Over recent weeks I have had some interesting discussions with parents regarding their children’s education. One such discussion started when I was shown a child’s report of someone that I knew was very bright. The report bore this out, but the parent was concerned that the teacher’s comment from the previous year said, ‘exceeded expectations’ while this year’s teacher put ‘met expectations.’
I was able to point out that teacher comments were subjective and could therefore differ from year to year. I was also able to point out that there were many aspects of the child’s behavioural skills that were equally important to her academic achievements, and which were very much lauded in the report.
Further discussion showed that the parents in the person’s peer group are still trying to direct their children in the way that the parent thinks best, and which will give most bragging rights in the peer group. To be fair, the parent I was talking to was not one of the parents that were trying to be over directive.
Unfortunately, very few parents even understand the world that their offspring will enter at the end of formal education. For children entering education today, over fifty percent of the jobs available to their parents will have disappeared or been taken over by technology. Many new jobs will have taken their place and hence trying to direct a child towards jobs that don’t even exist yet is obviously pointless.
At the same time, while not wishing to denigrate university education, a degree is not always part of the road to limitless riches. As off last month, 1.2 million graduates in the UK are not earning enough to start paying back their student loan. This means they are not earning over 487GBP a week. This amount equates to 2.50 per hour over the minimum living wage. This assumes that your child can be one of the people that gets a place over the fee-paying foreign students and the desire for diversity of intake by the universities.
So why are parents so hell bent of directing their children down such a narrow path based on their own outdated beliefs and aspirations? Where is the child’s desire for their future in all of this? More importantly, by focusing purely on academic achievement, parents are ignoring the many real skills of their children and therefore are failing to develop them.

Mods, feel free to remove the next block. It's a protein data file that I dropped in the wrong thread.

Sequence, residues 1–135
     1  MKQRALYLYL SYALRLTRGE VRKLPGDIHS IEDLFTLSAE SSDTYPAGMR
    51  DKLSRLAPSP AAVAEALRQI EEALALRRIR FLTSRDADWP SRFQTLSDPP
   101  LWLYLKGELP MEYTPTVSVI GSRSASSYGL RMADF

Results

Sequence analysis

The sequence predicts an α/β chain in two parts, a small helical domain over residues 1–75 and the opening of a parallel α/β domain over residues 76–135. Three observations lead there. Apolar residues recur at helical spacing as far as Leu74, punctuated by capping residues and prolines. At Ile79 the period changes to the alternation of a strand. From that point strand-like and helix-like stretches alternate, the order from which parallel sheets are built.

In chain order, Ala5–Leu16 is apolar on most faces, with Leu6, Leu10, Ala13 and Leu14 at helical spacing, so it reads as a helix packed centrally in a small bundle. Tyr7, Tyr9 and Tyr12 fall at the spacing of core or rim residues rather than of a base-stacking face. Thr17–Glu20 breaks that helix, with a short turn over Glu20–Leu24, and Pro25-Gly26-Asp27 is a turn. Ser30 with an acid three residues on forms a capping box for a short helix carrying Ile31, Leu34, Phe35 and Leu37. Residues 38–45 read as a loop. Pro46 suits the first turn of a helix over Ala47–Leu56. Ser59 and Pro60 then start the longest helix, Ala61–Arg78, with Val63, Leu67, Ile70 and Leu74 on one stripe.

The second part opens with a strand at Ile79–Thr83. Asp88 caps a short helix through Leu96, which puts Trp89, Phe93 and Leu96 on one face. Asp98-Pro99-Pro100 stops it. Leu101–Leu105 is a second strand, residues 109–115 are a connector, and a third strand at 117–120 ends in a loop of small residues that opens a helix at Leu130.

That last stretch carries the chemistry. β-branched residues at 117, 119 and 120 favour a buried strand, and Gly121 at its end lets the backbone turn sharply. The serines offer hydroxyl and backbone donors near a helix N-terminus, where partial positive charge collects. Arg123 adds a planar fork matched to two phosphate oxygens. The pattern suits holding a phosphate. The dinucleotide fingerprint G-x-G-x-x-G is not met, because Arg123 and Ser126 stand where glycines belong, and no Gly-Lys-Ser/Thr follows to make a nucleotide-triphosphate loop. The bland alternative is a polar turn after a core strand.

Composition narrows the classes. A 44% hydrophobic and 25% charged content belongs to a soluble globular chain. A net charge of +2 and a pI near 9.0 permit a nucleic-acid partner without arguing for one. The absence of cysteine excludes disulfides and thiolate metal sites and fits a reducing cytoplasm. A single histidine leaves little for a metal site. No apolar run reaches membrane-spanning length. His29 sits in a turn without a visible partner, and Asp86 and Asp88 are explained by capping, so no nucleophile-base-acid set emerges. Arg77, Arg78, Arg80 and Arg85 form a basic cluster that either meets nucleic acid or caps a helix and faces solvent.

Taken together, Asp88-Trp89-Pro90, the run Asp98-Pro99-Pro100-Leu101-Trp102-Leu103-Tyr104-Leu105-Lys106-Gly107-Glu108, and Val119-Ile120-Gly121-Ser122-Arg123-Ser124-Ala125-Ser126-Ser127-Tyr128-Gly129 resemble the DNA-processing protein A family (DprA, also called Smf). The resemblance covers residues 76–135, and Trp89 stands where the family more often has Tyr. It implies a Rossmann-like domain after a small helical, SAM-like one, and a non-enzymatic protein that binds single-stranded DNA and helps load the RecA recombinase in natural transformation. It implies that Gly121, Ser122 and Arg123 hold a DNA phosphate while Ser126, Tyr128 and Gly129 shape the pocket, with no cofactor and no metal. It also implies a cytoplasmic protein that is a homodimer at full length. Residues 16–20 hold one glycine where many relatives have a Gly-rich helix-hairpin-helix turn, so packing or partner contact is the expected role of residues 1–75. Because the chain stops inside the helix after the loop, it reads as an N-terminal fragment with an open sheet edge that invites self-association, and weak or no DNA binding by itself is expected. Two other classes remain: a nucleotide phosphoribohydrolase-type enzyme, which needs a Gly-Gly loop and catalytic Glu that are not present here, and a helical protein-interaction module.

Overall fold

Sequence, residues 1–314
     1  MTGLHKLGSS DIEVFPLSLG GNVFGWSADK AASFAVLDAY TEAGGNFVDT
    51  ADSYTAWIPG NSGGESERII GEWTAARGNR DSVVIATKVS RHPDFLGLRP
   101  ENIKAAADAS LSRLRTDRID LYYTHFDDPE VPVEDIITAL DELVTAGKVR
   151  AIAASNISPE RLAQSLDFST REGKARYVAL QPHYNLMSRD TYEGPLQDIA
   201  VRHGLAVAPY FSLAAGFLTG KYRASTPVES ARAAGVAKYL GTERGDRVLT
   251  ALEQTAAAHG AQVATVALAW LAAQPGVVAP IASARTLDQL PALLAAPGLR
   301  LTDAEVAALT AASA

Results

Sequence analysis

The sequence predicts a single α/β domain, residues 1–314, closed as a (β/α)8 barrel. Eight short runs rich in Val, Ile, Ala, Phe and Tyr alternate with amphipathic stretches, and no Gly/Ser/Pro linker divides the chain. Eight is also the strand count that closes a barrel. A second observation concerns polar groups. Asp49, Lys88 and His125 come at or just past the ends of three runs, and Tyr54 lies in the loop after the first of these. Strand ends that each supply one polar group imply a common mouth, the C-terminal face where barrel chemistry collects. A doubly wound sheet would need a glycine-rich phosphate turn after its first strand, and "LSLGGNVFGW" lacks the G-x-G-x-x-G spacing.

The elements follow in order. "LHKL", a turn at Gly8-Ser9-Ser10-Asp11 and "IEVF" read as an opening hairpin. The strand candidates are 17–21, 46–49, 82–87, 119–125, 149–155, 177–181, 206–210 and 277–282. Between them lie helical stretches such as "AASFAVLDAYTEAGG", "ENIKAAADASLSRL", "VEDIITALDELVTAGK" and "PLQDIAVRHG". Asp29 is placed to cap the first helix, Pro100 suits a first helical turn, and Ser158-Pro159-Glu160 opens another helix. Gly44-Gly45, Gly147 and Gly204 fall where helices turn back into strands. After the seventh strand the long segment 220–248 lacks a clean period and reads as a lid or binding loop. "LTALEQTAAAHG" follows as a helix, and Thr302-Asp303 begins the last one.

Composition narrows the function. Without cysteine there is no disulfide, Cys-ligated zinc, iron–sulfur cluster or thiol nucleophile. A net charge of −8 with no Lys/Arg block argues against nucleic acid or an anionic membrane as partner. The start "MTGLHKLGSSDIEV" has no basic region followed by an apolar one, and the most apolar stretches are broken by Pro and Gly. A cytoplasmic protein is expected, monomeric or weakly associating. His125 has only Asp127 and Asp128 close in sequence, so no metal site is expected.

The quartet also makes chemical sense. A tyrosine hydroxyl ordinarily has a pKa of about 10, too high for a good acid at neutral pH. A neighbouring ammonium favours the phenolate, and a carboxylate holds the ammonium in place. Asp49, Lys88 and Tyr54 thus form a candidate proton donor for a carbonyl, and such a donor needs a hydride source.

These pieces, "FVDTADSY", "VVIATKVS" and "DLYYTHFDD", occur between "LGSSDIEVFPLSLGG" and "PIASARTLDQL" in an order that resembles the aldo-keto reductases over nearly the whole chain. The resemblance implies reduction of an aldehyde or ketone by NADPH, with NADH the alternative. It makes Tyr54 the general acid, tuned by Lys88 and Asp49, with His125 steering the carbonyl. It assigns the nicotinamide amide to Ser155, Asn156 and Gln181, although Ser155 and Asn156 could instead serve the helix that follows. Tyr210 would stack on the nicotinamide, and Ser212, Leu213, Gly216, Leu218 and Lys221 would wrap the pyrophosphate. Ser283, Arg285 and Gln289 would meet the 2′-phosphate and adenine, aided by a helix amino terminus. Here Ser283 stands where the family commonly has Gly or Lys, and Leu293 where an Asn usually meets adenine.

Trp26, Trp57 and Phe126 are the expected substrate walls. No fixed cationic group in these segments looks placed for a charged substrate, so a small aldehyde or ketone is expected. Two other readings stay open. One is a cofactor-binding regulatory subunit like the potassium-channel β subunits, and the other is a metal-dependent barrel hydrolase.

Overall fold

It is no good parents trying to blame the school. As I look at reports today, there is an increased focus on soft skill development and education covering a much broader spectrum. I never thought I would end up discussing the relative artwork of Van Gogh and Banksy with a six-year-old! But it is time that the parents started to wake up and recognise that they need to catch up if they are to serve their children better.
Rather than simply looking at academic results, parents should be trying to understand the real skills that their children have. Many parents will focus on half a dozen academic grades at most, while I encourage people to examine a list of 75 skills that the child may have or want to obtain.
Equally, who asks a child what their work life should be like in an ideal world? The same should be asked about what they want from their leisure time to ensure a work-life balance.
We all shudder at the sight of dads reliving their youth on the touchline of young boys’ football matches. But is that any different to parents trying to relive their traditional educational upbringing that is long past its sell-by date?
We need to recognise that the job of preparing for an uncertain world that is not like ours is harder but necessary. Failure to do so will certainly not ensure bragging rights.
In some ways, having written two books, ‘Preparing for Uniqueness’ and ‘Creating an Entrepreneurial Mindset’, over eight years ago, it is slightly depressing to still feel that the need for them still exists. However, the talk with that parent also convinced me that it is even more important to try and effect the change that these books seek. Therefore, I will redouble my efforts, not for the parents, but for the young people that deserve better help in mapping their own future.